|1940||Second Act||Injured on landing|
|1938||Rock Lad||Injured on landing|
That is a total of 27 fatalities in the 40 years (or 40 Grand Nationals anyway) before the 1984 rule change.
If you just compare the number of fatalities with the number of races you get a fatality 67.5% of the time, however, this does not take into account the years in which more than one horse died and the years in which no horses died.
For example, 1984 was a terrible year for fatalities, with 4 horses being euthanised during or after the Grand National.
If we only take into account the years where fatalities occurred, then 45% of the Grand Nationals ran in the 40 years before the 1984 rule change proved fatal.
One last thing to note though, is that horses were euthanised much more callously back then. For example, in 1982 Again the Same was pulled up and taken home, and on the horse’s return it was found to have a broken knee bone.
These days, the horse might have been retired and a new home sought out, but back then it was euthanised as it was no longer fit for purpose. There a couple like this in the list above, so attitudes towards injured horses plays a part in the stats here.
A quick note here too.
This article was written before the 2024 race had been run, but given that the number of fatalities is already higher in this 40 year period than the previous one, the point being made still stands regardless.
Plus, 2024 was the first year a reduced field of 34 horses ran the National, so the hope would be that the race would be safer.
|2021||The Long Mile||Pulled up|
|2019||Up For Review||Brought down|
|2012||According to Pete||Brought down|
|2009||Hear The Echo||Collapsed|
|2008||McKelvey||Collided with barrier|
|2002||The Last Fling||Fell|
|1996||Rust Never Sleeps||Pulled up|
|1990||Hungary Hur||Pulled up|
Looking at these tables, you can see that with 30 fatalities between 1984 and 2023, the 40 years after the 1984 rule change were actually more deadly than the 40 years prior.
That’s despite improving attitudes towards the health and wellbeing of horses in more recent years, despite greater efforts being made to rehome injured horses rather than put them down, and despite missing a year for Covid, so it’s actually only 39 Grand Nationals run.
Again, if we look at the data without nuance then 76.92% of the 39 races ended with a fatality, but if we take into account bad years like 1998 where 3 horses died, and the long stretches like 2013-2018 where no horses died, we see that 53.84% of the 39 races run in this period ended in at least 1 horse fatality.
One other thing that sticks out here is that 4 of the horses on this side of the rule change died from exhaustion after the race had been completed. Not a single fatality was caused by collapse in the 40 years prior.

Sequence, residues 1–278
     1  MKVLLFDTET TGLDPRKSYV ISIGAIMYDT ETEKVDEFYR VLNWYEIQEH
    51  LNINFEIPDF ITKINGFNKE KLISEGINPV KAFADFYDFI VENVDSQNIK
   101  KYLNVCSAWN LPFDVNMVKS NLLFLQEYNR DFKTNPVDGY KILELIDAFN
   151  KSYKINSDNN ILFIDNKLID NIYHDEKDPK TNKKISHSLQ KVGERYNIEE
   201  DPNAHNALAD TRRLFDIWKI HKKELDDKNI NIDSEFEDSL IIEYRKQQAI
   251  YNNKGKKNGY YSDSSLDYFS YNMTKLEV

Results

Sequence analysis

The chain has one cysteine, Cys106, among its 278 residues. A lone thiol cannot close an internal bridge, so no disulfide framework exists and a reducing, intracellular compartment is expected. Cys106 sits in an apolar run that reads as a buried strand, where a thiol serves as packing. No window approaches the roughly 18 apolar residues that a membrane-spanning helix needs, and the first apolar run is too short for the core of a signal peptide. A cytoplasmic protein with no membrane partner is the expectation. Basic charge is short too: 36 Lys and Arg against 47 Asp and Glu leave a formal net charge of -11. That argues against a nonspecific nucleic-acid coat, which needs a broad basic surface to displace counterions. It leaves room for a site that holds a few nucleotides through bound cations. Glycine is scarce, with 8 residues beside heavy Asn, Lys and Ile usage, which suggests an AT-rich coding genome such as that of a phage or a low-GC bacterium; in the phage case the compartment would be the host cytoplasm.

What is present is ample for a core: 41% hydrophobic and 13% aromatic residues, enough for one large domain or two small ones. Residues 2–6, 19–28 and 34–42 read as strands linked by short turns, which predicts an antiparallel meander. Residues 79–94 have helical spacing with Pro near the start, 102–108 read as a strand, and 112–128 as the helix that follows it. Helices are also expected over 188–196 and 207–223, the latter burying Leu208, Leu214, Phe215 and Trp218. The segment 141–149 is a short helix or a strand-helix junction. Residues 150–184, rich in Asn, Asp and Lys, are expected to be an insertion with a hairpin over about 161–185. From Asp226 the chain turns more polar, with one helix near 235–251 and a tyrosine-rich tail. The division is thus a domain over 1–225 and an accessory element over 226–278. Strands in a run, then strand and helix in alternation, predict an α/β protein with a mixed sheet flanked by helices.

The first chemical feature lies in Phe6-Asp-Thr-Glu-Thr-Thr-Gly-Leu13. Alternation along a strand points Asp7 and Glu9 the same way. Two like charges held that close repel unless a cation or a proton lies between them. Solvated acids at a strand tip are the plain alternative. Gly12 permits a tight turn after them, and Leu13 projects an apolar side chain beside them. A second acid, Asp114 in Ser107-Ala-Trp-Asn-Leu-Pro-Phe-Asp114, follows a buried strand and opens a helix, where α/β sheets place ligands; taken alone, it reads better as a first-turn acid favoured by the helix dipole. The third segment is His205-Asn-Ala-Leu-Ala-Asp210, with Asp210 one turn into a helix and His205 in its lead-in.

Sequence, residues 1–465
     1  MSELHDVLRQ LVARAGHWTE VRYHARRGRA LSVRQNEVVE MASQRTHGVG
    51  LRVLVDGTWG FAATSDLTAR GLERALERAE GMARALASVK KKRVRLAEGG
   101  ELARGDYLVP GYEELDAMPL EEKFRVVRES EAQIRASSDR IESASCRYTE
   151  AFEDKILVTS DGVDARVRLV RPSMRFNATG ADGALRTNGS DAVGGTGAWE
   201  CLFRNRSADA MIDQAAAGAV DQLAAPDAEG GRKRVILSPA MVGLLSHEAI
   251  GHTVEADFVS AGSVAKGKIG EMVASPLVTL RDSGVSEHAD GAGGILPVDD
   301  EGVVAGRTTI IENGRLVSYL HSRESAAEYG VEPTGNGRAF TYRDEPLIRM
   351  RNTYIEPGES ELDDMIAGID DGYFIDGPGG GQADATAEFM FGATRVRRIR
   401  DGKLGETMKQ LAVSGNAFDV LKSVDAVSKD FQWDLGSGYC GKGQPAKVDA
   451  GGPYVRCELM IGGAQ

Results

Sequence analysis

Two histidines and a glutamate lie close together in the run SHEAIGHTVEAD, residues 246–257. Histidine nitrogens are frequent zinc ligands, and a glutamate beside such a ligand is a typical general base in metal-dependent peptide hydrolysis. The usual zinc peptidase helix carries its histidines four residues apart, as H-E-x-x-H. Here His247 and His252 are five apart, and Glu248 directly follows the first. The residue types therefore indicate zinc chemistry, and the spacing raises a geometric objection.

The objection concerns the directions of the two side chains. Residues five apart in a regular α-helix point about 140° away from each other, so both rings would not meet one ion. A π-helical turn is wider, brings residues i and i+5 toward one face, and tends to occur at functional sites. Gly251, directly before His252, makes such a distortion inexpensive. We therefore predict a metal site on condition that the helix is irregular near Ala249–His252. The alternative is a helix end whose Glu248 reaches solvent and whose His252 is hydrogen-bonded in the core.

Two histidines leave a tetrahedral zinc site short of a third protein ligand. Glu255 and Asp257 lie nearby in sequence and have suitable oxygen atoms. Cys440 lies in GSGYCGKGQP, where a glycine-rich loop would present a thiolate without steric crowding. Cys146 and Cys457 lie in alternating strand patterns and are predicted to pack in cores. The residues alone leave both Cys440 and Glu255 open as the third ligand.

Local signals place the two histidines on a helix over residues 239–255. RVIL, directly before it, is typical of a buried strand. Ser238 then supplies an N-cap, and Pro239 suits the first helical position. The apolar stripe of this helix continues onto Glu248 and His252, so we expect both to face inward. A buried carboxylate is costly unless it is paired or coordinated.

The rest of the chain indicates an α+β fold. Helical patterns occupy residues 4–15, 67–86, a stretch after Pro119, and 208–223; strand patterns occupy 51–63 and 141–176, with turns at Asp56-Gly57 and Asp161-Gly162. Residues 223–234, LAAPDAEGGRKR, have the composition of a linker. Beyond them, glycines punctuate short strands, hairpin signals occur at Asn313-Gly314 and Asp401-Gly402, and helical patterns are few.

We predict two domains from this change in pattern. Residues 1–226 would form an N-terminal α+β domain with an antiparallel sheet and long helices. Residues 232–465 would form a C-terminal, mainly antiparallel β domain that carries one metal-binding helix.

Perhaps then, as well as the fact that more horses have tended to take part in the race after the rule change than before it, more is being asked of the horses nowadays too?
2023 Rule Change
As we now know, the Grand National wasn’t any safer in 2023 than it was in 1983 statistically, and with consistent and increasing pressure from activist groups, the decision was made to look at the rules again.
On the 12th of October 2023, it was announced that The Jockey Club were introducing a package of new rules around the Grand National.
These included anything from the horse’s minimum handicap rating, recent mistakes over fences, the height of certain fences, improvements to the fences themselves, and more.
These new rules were implemented to improve safety standards since another horse had died in the race the year before.
The big change though, was that the maximum number of horses that could take part was being reduced from 40, to 34.
The idea is that fewer horses trying to get over the fences at the same time and in the same place should reduce the number of collisions and falls, and therefore injuries.
The rules would be implemented for the next Grand National, which was April 13th 2024.
So, ultimately, the answer to the question ‘how many horses run in the Grand National’ is now 34, but how long this will remain the case for is yet to be seen.
Given that the previous upper limit of 40 was in place for four decades though, it seems reasonable to suggest that this new limit will be around for a good long while, and it certainly would be a surprise if it went back up – it would cause outcry amongst campaigners.
The only further change to the number of runners is therefore likely to be another reduction, if further changes happen at all. The Kentucky Derby allows a maximum of 20 runners so there is the potential to reduce numbers further, although going much below 30 would reduce the spectacle of the National a great deal.